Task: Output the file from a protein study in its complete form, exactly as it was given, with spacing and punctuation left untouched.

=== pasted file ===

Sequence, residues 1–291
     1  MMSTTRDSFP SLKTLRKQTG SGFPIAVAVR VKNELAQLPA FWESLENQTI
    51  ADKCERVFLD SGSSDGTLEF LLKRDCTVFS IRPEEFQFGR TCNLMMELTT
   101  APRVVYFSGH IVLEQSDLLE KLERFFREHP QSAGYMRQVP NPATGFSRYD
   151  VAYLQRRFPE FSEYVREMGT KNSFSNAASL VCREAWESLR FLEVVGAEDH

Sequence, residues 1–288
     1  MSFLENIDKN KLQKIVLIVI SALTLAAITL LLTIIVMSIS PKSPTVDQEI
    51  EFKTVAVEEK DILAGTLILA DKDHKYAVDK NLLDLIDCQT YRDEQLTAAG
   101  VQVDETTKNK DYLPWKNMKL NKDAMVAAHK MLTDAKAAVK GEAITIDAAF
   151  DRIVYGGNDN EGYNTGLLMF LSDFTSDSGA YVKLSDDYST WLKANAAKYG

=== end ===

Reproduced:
Sequence, residues 1–291
     1  MMSTTRDSFP SLKTLRKQTG SGFPIAVAVR VKNELAQLPA FWESLENQTI
    51  ADKCERVFLD SGSSDGTLEF LLKRDCTVFS IRPEEFQFGR TCNLMMELTT
   101  APRVVYFSGH IVLEQSDLLE KLERFFREHP QSAGYMRQVP NPATGFSRYD
   151  VAYLQRRFPE FSEYVREMGT KNSFSNAASL VCREAWESLR FLEVVGAEDH

Sequence, residues 1–288
     1  MSFLENIDKN KLQKIVLIVI SALTLAAITL LLTIIVMSIS PKSPTVDQEI
    51  EFKTVAVEEK DILAGTLILA DKDHKYAVDK NLLDLIDCQT YRDEQLTAAG
   101  VQVDETTKNK DYLPWKNMKL NKDAMVAAHK MLTDAKAAVK GEAITIDAAF
   151  DRIVYGGNDN EGYNTGLLMF LSDFTSDSGA YVKLSDDYST WLKANAAKYG